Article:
Zoya

The average nail care products contain a hefty amount of serious toxins in their ingredients, and conventional nail polish is basically nothing more than a refined version of automobile paint. Sure these products make your nails look gorgeous, but they contain toxic chemicals (dibutyl pthalate, formaldehyde, toluene), that can stay in your system and generate internal toxicity. Not entirely free of chemicals (it’d be great to have an organic nail polish at some point!), at least using natural nail polish alternatives such as Zoya if you must have gorgeous, well-groomed nails, ensures that you’re not absorbing the worst offending ingredients. Not only are they the longest wearing natural nail lacquers, but they come in over 60 luscious, fashion forward colors.

8 Cosmetic Ingredients to Avoid!

1.All parabens (ethylparaben, butylparaben, methylparaben, propylparaben…)

Where you can find them: almost everywhere: shampoos, soap, skin lotions, sunscreens, make-up, you name it!  Besides their long name, they can also be identified by their codes: E214 for ethylparaben, E218 for methylparaben, E216 for propylparaben.

Why they are used by the cosmetic industry: they are preservatives that give products a longer shelf life.

Why you shouldn’t use them: So many products contain them that they build up in our bodies, where they can act on our hormones, and have been found to be estrogen-disruptors. Washed off in the shower, parabens accumulate in waterways and also disrupt the hormonal system of animals who drink or swim in that water.

2.Sodium Lauryl and Laureth Sulfate (SLS and SLES)

Where you can find them: shampoos and soaps

Why they are used by the cosmetic industry: they are a foaming agent

Why you shouldn’t use them: They can enter the heart, brain and liver through the skin, where they can accumulate. Moreover, SLS and SLES react with many other ingredients to form nitrosomines (or nitrates), which are potential carcinogenics.

3.DMDM Hydantoin and Imidazolidinyl Urea

Where you can find them: shampoos, hair conditioners, skin care products, moisturizers, bath products, and makeup bases and foundations

Why they are used by the cosmetic industry: They are antimicrobial preservatives used to prevent molds and bacterial spoilage.

Why you shouldn’t use them: Although not suspected to be environmental toxins, they are known human immune system toxicants as well as human skin toxicants. They work by releasing formaldehyde into the products.

4.Fragrance

Where you can find them: any product, not just perfumes.

Why they are used by the cosmetic industry: to either give a pleasant smell or cover up a bad one.

Why you shouldn’t use them:Any ingredient, included phthalates, can be hidden behind the word Fragrance: cosmetic industries are not required to divulge all their ingredients and play the trade secret card. Fragrances cause allergies, are linked to cancer and can attack the nervous system.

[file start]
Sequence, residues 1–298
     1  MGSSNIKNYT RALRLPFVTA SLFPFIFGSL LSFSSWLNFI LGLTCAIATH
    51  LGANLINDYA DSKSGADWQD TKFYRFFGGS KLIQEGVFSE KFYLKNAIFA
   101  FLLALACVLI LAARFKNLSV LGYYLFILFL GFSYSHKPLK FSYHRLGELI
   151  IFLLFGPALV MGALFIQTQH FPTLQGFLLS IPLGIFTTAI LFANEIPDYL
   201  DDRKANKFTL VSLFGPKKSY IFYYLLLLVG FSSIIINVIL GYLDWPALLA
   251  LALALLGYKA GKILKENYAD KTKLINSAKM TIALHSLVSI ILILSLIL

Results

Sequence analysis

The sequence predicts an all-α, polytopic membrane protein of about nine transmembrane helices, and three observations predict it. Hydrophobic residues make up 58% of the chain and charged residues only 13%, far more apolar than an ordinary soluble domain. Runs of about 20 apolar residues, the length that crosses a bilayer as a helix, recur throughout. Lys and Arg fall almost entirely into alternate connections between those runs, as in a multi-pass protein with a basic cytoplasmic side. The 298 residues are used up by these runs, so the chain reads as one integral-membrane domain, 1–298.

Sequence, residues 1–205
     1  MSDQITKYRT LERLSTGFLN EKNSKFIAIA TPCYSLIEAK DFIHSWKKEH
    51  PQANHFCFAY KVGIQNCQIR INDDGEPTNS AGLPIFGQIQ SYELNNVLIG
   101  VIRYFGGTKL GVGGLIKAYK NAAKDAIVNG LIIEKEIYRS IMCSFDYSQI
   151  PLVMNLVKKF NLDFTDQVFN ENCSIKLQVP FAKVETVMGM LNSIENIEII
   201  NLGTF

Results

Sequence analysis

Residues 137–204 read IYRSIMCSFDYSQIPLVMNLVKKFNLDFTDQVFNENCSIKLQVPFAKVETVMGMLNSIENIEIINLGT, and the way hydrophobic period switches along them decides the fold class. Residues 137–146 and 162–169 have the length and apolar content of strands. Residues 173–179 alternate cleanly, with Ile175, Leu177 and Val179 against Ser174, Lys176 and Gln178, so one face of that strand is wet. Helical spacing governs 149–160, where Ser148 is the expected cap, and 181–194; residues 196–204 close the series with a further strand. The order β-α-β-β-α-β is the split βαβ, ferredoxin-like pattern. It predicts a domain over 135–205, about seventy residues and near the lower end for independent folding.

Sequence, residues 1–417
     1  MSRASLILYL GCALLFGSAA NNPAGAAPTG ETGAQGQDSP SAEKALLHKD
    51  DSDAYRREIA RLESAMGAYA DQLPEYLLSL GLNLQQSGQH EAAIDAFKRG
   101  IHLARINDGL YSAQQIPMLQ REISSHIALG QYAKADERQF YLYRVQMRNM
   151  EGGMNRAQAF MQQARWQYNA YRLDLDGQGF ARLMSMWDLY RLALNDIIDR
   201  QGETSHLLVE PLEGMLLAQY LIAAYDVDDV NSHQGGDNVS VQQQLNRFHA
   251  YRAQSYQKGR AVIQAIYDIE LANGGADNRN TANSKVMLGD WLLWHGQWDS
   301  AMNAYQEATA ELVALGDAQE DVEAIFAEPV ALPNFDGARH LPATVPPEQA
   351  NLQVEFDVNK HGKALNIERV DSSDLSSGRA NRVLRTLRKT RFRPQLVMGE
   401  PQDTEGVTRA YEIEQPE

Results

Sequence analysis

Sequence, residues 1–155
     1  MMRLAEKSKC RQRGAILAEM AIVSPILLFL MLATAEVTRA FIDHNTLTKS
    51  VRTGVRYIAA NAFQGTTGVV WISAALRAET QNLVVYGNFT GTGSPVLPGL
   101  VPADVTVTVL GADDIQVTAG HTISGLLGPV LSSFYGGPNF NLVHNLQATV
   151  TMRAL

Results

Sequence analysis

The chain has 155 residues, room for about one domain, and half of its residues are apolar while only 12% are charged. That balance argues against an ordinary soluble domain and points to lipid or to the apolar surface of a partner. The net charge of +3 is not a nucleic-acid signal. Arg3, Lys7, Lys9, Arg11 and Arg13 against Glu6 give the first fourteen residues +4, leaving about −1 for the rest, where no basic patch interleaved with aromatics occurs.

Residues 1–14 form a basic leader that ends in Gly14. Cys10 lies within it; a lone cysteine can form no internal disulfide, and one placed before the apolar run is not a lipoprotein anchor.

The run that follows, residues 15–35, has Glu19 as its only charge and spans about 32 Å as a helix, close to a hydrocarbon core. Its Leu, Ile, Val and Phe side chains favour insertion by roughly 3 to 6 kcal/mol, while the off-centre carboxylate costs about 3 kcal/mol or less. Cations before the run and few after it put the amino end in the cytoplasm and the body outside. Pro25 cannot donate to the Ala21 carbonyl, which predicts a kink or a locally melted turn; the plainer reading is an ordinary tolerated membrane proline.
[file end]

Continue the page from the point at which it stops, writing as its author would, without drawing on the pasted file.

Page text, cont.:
5.Methylchloroisothiazolinone and Methylisothiazolinone

Where you can find them: creams, lotions, shampoos and conditioners

Why they are used by the cosmetic industry: They are preservatives with antibacterial and antifungal effects, effective against fungus and yeast.

Why you shouldn’t use them: they cause allergies and attack the nervous system

6.PEG (Polyethylene Glycol)

Where you can find it: surfactants, lotions, cleansing agents, emulsifiers, skin conditioners. The number next to PEG indicates the molecular weight of the compounds that make up PEG.

Why it is used by the cosmetic industry: for penetration enhancing effect.

Why you shouldn’t use it: PEG is a toxic contaminant and possible carcinogen. It should not be used on damaged skin as it can cause itch and rash.It also contains various harmful impurities, including lead.

7.Triclosan and Triclocarban

Where you can find them: soaps, deodorants, cosmetics, and toothpastes

Why they are used by the cosmetic industry: antibacterial and antifungal agents

Why you shouldn’t use them:  They have an impact on our thyroid and are suspected to cause cancer. They also pose environmental concerns: they are persistent organic pollutants, acutely and chronically toxic to aquatic organisms.

8.Triethanolamine (TEA)

Where you can find it: face and body moisturizers, mascaras, shampoos, baby products

Why it is used by the cosmetic industry: to balance pH

Why you shouldn’t use it: it is a potential carcinogen, as it combines with other ingredients to create nitrosamines, which cause cancer. It can also
trigger allergies. As it accumulates in our bodies, it can become toxic. DEA (diethanolamines) and MEA (coconut oil amide of monoethanolamine) are close relatives which pose similar concerns.

How to Choose a Safe Eco-Sunscreen

How To Choose A Safe Eco-Sunscreen

When buying a sunscreen, here is what you should look for and what you should avoid at all costs:

Look for: Cream based sunscreens that provide broad-spectrum protection, are water resistant and have an SPF of 30+. Make sure your sunscreens include Zinc, Titanium Dioxide, Avobenzone, or Mexoryl SX which are all mineral based and protect your skin from harmful UVA radiation without absorbing into your body. Even when using these sunscreens, make sure to reapply often and stay out of the sun whenever possible.